Make sure you don’t overpay tax. If you’re employed during term time, you may need to pay income tax and National Insurance contributions (NICs) on earnings over £12,570 a year, which equates to around £1,042 a month.
Please note: the current Income Tax allowance stated above is for the tax year 6 April 2023 to 5 April 2024. As a student, if you earn more than £190 per week, you may need to pay National Insurance (NICs) contributions.
If you’re self-employed (for example, side hustling as an app entrepreneur) you will need to complete an annual Self-Assessment form, which can be found online.
Any tax owed will need to be paid by 31 January, or you could be fined for late payment.
If you have paid too much tax, you could be eligible for a tax refund.
HMRC does not include UK bursaries and scholarships as part of a person’s Personal Allowance and therefore, it is not taxed, but it’s worth double checking this with HMRC.
Stop worrying; start planning
Financial goals are usually divided into the short-term, medium-term, and longer-term.
- Short-term: saving for the items or life experiences that you’re aiming for within a one-to-two-year timeframe. This might include buying a new laptop, saving up for a holiday or buying a car
- Medium-term: usually within one-to-five-year timeframe, medium-term goals consist of plans that may need more funding such as further education, a wedding, or a longer overseas trip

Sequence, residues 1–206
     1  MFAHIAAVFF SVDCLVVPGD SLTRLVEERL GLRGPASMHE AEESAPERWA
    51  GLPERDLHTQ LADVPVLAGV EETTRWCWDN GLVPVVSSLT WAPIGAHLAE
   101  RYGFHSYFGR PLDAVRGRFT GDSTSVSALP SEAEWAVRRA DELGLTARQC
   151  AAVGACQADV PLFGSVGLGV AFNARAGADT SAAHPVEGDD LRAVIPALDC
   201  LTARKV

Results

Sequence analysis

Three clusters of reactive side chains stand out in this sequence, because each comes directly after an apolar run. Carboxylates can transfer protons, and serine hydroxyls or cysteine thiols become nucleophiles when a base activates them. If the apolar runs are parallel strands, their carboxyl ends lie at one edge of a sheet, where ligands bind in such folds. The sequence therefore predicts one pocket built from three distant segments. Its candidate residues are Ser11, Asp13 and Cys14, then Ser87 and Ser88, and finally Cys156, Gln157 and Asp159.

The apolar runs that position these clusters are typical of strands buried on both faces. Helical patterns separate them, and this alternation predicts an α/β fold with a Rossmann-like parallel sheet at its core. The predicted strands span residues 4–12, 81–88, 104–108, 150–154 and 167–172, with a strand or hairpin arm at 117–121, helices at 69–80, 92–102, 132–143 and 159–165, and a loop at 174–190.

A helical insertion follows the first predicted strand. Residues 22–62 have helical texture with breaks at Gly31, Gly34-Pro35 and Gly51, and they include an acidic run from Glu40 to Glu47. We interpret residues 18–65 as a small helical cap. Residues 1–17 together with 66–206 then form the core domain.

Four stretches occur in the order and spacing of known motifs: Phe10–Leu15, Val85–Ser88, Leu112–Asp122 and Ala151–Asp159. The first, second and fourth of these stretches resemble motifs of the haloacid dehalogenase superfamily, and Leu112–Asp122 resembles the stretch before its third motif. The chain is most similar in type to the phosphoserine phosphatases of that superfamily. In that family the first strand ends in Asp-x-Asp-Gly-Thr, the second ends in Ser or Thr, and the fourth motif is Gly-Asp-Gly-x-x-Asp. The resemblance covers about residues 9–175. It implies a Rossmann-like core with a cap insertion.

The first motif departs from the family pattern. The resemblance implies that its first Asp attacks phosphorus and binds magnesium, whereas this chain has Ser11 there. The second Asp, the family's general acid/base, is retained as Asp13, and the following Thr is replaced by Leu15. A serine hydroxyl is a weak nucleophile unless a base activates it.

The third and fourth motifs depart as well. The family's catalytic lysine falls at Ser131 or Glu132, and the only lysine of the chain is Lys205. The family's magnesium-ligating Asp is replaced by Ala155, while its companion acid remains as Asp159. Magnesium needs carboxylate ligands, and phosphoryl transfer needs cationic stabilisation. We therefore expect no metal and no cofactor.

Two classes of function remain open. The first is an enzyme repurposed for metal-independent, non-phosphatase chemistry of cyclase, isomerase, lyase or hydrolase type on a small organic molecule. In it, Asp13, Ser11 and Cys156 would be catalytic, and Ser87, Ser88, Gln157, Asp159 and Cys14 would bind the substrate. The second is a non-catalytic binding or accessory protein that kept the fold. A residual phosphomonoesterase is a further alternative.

- Longer-term: these are financial goals that may take longer to save for such as a deposit on a first home or planning for retirement.
You might want to start investing and planning for retirement when you have your first job, but thinking about how you’d like your retirement to look sooner rather than later can put you on a more solid footing when it comes to making decisions on how your money can work for you.
Talking to an independent financial adviser can help
Remember, you don’t need to have a lot of money to talk to an independent financial adviser. Lloyd & Whyte’s independent financial advisers are not tied in with any specific product or plan, so they can provide expertise around building a tailored financial plan for you as an individual. They’ve been working in association with the AOP for nearly 10 years, providing insurance and financial planning for AOP members.
Lloyd & Whyte are proud to be part of the Benefact Group – a charity-owned family of financial services companies that give all available profits to charity and good causes.
If you’d like to start building a financial plan with Lloyd & Whyte, please book an appointment or call 01823 250750.
Lloyd & Whyte (Financial Services) Ltd are authorised and regulated by the Financial Conduct Authority. Registered in England No. 02092560. Registered Office: Affinity House, Bindon Road, Taunton, Somerset, TA2 6AA.
It is important to take professional advice before making any decision relating to your personal finances. Information within this article is based on our current understanding of taxation and can be subject to change in future. It does not provide individual tailored investment advice and is for guidance only. We cannot assume legal liability for any errors or omissions it might contain. Calls may be recorded for use in quality management, training and customer support.